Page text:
“#1 Stay on top and break them.” – Nick “Quick” Honstein
Nick “Quick” Honstein captured the first EBI Combat Jiu-jitsu championship, and with a twister submission no less. The Jiu-Jitsu Times talked with Nick about his background.
Jiu-Jitsu Times: Let’s start with a little of your training background. Where is your home academy and your team? Have you been actively competing in the last few years? Any notable titles or wins?
Quick: I train at Lincoln BJJ on O street in Lincoln, Nebraska, under Greg Lawson. I’m also building the MMA program there. I retired from competitive MMA a couple years back, but I have fought in a couple of Fight To Win Pro contests. I submitted Vellore Caballero at 145 and lost a decision to Nick Marr at 155. I would love to take that Fight To Win title but I have to pick a weight first.
Today the real journey begins… I'm super excited, honored and in shock honestly to be graced with this promotion.
Jiu-Jitsu Times: What interested you about the EBI Combat rules and format? Did your jiu-jitsu training change significantly to prepare for this tournament?
Quick: Eddie invented this style of Combat Jiu-Jitsu specifically for me, so I could finally win a world title. At least that what it feels like. I’m always that guy that doesn’t quite fit; the guy at wrestling practice trying to use submissions or fancy sweeps, the guy at jiu-jitsu that uses too much wrestling and pretends to punch from mount, the guy in boxing class that keeps clinching, and the guy at MMA sparring that makes every match a grapple. I didn’t have to change anything. The sport changed for me.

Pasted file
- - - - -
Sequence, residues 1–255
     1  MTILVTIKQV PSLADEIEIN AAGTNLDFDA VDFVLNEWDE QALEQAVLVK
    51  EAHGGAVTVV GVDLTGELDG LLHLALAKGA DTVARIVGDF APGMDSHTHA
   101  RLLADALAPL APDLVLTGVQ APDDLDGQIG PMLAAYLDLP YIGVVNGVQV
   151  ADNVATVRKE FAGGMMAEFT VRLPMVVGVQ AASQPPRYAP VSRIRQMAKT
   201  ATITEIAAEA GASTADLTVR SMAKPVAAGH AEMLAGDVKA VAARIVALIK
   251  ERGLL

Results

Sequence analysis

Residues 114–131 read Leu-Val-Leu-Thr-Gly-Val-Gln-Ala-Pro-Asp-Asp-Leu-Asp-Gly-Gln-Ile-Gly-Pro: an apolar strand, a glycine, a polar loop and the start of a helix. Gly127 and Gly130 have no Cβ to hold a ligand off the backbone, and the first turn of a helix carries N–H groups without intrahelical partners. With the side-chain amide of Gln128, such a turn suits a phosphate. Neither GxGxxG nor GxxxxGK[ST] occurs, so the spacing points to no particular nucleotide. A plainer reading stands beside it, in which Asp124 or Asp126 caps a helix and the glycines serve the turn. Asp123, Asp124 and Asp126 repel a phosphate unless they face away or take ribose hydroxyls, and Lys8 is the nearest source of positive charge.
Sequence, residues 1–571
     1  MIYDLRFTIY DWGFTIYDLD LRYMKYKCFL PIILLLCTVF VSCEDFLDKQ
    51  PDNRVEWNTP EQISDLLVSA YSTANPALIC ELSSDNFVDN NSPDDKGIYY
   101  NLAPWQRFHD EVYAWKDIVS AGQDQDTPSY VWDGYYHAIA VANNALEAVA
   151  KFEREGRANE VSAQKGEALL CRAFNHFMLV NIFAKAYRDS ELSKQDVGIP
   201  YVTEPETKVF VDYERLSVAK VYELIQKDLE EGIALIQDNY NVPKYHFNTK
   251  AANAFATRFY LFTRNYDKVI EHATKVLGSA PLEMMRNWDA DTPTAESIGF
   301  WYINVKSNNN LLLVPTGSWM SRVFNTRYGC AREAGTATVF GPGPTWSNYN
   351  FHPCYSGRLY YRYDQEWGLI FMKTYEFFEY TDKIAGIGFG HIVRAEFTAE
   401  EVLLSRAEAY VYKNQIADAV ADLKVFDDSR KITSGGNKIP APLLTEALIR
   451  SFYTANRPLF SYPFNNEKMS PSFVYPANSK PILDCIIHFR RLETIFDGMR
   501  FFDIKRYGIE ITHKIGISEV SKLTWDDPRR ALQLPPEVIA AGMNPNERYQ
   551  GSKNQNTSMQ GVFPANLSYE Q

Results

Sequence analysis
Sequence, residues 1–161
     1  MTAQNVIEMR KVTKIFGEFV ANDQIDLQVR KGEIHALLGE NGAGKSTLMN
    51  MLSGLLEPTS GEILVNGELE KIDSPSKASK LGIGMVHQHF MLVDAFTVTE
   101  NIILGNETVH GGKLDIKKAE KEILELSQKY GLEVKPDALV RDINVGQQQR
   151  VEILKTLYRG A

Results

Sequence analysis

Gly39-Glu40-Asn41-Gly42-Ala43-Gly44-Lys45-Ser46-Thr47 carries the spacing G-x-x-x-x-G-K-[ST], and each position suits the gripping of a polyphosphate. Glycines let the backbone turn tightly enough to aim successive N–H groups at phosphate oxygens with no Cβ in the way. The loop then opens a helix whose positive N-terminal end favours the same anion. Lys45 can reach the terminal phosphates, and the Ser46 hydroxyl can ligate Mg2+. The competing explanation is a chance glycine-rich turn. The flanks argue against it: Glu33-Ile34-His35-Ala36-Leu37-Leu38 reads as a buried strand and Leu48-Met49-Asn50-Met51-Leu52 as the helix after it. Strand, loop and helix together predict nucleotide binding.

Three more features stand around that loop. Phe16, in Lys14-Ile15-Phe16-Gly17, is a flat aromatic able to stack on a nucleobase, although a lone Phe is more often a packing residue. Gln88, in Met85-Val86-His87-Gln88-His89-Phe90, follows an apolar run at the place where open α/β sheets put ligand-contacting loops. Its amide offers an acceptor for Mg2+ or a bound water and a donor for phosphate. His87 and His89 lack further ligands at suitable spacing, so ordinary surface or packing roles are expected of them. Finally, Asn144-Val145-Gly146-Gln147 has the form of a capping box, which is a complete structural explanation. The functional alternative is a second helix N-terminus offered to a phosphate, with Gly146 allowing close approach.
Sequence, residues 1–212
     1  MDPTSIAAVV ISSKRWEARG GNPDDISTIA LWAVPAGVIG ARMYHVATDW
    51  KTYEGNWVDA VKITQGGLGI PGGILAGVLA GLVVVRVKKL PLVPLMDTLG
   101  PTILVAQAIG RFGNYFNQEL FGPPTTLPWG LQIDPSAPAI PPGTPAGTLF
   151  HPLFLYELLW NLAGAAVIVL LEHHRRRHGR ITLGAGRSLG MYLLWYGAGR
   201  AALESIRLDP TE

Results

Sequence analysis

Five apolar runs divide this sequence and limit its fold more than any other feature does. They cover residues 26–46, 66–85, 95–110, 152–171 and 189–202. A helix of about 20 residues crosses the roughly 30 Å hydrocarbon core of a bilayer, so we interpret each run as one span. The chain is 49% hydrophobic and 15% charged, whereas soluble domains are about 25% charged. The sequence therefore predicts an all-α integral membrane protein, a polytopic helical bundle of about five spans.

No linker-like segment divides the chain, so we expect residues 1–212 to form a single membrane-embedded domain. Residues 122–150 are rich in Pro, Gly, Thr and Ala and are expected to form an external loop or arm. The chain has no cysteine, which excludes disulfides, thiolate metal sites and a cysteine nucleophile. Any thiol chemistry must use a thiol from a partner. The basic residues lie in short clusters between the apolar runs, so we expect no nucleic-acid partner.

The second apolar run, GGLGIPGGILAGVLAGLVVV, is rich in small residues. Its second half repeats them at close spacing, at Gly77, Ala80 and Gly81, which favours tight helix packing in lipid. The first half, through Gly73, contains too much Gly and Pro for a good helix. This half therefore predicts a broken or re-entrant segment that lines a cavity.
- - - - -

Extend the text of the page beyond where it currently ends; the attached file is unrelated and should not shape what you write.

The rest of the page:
Jiu-Jitsu Times: What did you learn from your matches in the competition? Is the Combat Jiu-Jitsu ground much different than BJJ for MMA? Why did your jiu-jitsu game adapt so well to the EBI rules.
Quick: I learned mostly to watch what I eat after weigh-ins on the same day as the fight. I got really bloated for the first match and felt a couple steps behind. Other than that, it was business as usual. The game plan was simple and it worked.
1. Stay on top and break them.
2. If 1 doesn’t work, survive and win in overtime.
Jiu-jitsu Times: You won the final with a twister. What did Eddie Bravo say to you after the Twister submission?
Quick: Something about tower 7. I’m just kidding. I forget exactly what he said but he was proud. I was drunk with excitement.
I made a vow over 10 years ago to win a world title or die trying. Fortunately, Eddie Bravo invented a new sport just…
Jiu-Jitsu Times: As the inaugural and now defending champion, what are you next challenges?
Quick: I’m not sure what’s next exactly, but I’m hoping Eddie is looking for 15 challengers so I can make some money defending this thing.
Jiu-Jitsu Times: Any shoutouts to coaches, training partners, or sponsors.
Quick: Lincoln BJJ, Bad Boy, Bare Blends, The Groutsmith Nebraska, Willeke FinancialValor, 911,